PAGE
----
The Ship that Built Cleveland

Presentation on the Great Lakes carrier William G. Mather

Steamship William G. Mather

lesandkathyLes and Kathy Weston gave a slide talk on the history and restoration of the Great Lakes freighter WILLIAM G. MATHER . The boat was side launched May 23, 1925 at Ecorse, Michigan. At 618 ft. in length, 62 ft. beam and depth of 32 ft. it had a carrying capacity of 14,000 tons. The boat carried the name of William G. Mather, a chairman of the Cleveland Cliffs Iron Company during the early part of the twentieth century. The boat served as the Cleveland Cliffs flagship for many years and primarily carried cargos of iron ore or coal in four hold sections. Guest staterooms and a guest dining room in the bow section of the boat allowed favored guests to enjoy a few days passage in great comfort.

In 1954 the boat was refitted with oil- fired boilers powering steam turbines. Underway, fuel economy was approximately 26 gals of fuel oil per mile. In 1964, bowtrusters were added to give the boat greater maneuverability in tight quarters such as the Cuyahoga River.

In 1980 the boat was decommissioned and in 1987 it was donated to the Great Lakes Historical Society. In 1991 it opened as a museum ship.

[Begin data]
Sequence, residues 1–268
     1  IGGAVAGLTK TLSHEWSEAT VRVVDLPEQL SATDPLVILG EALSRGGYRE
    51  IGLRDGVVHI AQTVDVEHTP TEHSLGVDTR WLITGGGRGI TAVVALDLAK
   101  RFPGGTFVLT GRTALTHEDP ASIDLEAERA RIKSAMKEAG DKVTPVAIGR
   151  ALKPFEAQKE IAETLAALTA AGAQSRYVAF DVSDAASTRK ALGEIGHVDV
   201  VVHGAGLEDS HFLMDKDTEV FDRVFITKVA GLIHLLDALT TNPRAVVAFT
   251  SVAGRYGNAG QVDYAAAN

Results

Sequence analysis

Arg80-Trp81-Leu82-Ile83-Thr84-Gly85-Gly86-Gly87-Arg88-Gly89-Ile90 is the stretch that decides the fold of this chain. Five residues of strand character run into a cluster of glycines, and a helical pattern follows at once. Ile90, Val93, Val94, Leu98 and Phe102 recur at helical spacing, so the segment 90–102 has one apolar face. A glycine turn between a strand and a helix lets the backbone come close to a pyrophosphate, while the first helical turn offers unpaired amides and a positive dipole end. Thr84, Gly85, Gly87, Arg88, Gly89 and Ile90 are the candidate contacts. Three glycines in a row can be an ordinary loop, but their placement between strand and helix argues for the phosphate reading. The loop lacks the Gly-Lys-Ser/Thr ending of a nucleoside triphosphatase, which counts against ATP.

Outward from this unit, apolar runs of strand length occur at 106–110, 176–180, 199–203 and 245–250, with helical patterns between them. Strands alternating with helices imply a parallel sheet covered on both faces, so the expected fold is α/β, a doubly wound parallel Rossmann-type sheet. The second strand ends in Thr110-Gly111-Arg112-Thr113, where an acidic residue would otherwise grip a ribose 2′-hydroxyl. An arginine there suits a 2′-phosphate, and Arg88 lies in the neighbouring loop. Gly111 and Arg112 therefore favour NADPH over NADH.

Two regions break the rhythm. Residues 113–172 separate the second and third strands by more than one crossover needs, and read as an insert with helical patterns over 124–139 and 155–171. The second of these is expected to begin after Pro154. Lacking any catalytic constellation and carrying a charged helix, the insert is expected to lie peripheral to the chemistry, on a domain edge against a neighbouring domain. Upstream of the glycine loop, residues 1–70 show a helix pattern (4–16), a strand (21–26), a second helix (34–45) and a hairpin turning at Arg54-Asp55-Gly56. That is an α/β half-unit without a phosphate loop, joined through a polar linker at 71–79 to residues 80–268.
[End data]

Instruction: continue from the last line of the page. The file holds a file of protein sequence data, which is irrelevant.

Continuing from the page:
Thousands and thousands of volunteer hours have gone into restoring the boat. Les and Kathy have done their share. Paint had to be stripped to reveal beautiful wood paneling or brass piping and fixtures. Damage from a fire set by a vagrant while the boat was idled on the Cuyahoga had to be rebuilt or restored. The engine room needed serious cleaning. The hull had to be sandblasted and repainted with primer and two finish coats. CABBS member Wes Roepke put in many volunteer hours himself in the mid-nineties.

The boat is dubbed, “the boat that built Cleveland” alluding to the wealth creation role played by lake freighters in the city’s history,  Many carried iron ore, coal, or limestone.

Today, the boat is moored on the lakefront behind the Great Lakes Science Center where an adjoining parking lot makes it easy for visitors and volunteers to gain quick access to the boat. It is one of only four Great Lakes freighter museum ships in existence.

The 2006 visitors season begins May 6 and runs through October.
For more information call 216-574-6262 or visit their Facebook page.


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